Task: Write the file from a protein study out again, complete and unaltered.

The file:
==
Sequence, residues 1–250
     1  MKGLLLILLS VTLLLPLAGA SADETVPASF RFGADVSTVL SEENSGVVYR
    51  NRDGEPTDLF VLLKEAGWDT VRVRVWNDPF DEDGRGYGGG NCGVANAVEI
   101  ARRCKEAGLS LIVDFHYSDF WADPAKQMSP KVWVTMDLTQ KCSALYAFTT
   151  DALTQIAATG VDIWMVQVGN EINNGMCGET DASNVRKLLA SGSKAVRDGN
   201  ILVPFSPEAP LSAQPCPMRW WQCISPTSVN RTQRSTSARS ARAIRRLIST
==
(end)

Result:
Sequence, residues 1–250
     1  MKGLLLILLS VTLLLPLAGA SADETVPASF RFGADVSTVL SEENSGVVYR
    51  NRDGEPTDLF VLLKEAGWDT VRVRVWNDPF DEDGRGYGGG NCGVANAVEI
   101  ARRCKEAGLS LIVDFHYSDF WADPAKQMSP KVWVTMDLTQ KCSALYAFTT
   151  DALTQIAATG VDIWMVQVGN EINNGMCGET DASNVRKLLA SGSKAVRDGN
   201  ILVPFSPEAP LSAQPCPMRW WQCISPTSVN RTQRSTSARS ARAIRRLIST